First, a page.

"The Heavies Drop Out First" (Part 4)
(Keep an eye out for heavies like these old square-headed nails.)
There are a number of factors associated with how heavies move and drop in a stream or wash:
EROSION: This should be easy to grasp for one and all. Erosion is essentially the detachment of material away from the sides of a given stream course. What causes this detachment? All sorts of things, including land or mud slides, heating and cooling, or the force of strong currents dislodging rocks, sand, dirt, and gravel from stream sides or banks. Notice here that I spoke of potential gold-bearing material detaching away from the sides of a stream or wash and not from its bottom. The reason for this is that over 95% of a stream's energy is applied to the sides in an attempt to overcome the frictional resistance imposed by the stream course and its structure. Only five percent of a stream's hydraulic action is used for vertical cutting (up and down) or movement.
(Stream erosion on the outside bend.)
Solution Load: The gold-bearing materials being cut away or pulled into a stream course are called "the solution load" by engineers and scientists. The solution load can contain materials of all shapes and sizes, but the weights and densities of those materials (man-made or geological) are another matter altogehter. This is an important factor to understand when it comes to where heavies tend to drop out, so listen up.
TIP: In the solution load any materials that are too heavy to be suspended in the water flow tend to roll, scoot, or move intermittently along the streambed. This jerky movement of heavies tends to abrade or "erode" the bottom of the present stream channel and sometimes its sides as well.
TRANSPORTATION: The basic concept here again is quite easy to comprehend. Transportation is the movement or carrying along of solution load materials downstream via stream hydraulics (direction, depth, strength of flow, etc.). Once the solution load (i.e., material scoured from the stream sides or banks) is being carried merrily along in a wash or stream it gets a new name...the stream load.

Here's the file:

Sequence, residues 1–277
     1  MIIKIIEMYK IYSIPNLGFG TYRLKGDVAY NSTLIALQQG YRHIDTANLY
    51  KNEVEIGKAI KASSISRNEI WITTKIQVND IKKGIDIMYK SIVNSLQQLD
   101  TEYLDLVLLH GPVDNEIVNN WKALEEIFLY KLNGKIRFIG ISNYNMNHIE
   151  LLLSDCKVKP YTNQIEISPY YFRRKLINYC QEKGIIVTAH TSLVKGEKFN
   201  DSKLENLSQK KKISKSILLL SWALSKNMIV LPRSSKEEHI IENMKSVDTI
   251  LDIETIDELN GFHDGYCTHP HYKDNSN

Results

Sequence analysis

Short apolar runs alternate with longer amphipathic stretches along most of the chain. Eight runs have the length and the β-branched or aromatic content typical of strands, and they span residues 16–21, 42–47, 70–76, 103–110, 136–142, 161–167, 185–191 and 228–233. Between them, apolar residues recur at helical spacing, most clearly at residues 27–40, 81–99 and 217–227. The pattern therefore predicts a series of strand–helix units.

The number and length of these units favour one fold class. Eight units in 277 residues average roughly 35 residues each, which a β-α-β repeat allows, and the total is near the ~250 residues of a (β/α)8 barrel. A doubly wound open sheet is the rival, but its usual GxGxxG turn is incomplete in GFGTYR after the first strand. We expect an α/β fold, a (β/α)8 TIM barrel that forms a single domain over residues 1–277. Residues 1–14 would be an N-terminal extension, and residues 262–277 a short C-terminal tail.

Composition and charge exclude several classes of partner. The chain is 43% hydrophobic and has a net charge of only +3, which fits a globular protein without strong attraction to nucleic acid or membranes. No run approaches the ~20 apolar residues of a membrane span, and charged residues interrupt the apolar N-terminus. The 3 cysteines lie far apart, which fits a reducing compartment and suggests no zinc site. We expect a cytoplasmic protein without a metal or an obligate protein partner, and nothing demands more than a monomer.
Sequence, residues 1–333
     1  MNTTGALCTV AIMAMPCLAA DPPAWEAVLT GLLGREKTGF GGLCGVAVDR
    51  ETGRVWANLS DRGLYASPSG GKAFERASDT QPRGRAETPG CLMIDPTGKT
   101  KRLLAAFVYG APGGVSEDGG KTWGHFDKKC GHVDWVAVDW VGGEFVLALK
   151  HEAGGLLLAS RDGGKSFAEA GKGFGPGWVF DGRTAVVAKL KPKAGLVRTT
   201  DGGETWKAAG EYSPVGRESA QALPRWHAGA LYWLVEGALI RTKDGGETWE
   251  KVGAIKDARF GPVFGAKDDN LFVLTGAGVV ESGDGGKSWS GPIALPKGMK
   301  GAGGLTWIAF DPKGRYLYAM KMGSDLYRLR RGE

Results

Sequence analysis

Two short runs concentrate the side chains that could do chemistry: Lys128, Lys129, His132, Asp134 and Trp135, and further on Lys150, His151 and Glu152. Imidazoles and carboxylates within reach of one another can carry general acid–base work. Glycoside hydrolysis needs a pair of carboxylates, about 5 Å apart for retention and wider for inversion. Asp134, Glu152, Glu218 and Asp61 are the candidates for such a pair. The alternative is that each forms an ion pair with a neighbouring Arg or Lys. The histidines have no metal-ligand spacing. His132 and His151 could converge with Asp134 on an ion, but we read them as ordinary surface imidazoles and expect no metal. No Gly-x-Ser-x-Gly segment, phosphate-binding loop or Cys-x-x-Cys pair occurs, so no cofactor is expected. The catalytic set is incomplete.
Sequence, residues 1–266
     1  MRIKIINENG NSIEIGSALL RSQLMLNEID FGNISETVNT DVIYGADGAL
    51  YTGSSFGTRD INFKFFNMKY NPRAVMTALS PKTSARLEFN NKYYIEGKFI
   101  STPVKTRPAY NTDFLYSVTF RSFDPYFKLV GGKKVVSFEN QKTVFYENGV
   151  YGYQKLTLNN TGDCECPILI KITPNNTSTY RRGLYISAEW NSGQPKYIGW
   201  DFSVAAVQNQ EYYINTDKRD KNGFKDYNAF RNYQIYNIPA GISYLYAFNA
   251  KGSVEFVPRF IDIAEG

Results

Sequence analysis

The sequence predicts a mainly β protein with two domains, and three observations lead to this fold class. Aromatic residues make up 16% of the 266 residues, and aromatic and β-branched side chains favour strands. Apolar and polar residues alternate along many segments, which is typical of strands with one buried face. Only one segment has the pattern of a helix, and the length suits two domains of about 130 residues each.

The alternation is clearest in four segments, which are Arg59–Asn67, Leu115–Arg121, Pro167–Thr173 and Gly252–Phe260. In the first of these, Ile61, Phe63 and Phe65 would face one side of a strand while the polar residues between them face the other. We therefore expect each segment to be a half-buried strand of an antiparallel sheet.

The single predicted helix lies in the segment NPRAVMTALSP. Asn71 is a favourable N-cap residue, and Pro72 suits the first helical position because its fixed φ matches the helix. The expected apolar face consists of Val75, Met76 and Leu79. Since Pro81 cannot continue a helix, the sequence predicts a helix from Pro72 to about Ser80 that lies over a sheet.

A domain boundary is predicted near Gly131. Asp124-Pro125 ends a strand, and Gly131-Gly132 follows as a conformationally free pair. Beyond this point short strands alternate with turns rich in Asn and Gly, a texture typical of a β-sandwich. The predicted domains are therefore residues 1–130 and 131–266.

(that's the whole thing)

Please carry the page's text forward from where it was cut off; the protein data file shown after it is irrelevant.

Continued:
Stream Load: Now things start to get a bit complicated. The stream load is composed of the solution load, the stream load, and a little something called the suspension load. The suspension load are those materials carried in suspension in the water flow and tend to include lighter, less dense material like silt, sands, dirt, wood, and so on.
DEPOSITION: As stream or flow velocity decreases, so does the ability of a stream or wash to move loads through it.
TIP: The heaviest particles or pieces of the stream and bed loads drop or fall first. The more abrupt the decrease of water flow, the more abrupt or sudden the drop of the heavies. They'll remain in place where they drop which is a function of the bed's configuration and the obstacles near it or on it. Only the strongest of currents will disturb these heavies from their current resting places since only a tiny fraction of stream flow energy is directed vertically in a stream or wash.
(Part of the bed load.)
Now you know why the old timers in the California Gold Rush went to the expense and great labor of diverting water flow around or away from gold bearing streams and rivers in the Motherlode (and in other rushes, for that matter).
This should get some of you thinking. Perhaps now you also understand why so many small-scale mining veterans (myself included) use visualization techniques to get a grasp on where that bed load is going, where the mid-range materials are being carried, and where the light stuff is. It's a visual puzzle based on hydrology that, if solved correctly, can lead you to lots of yellow metal without moving tons of earth.
There's more to come...
(c) Jim Rocha (J.R.) 2016
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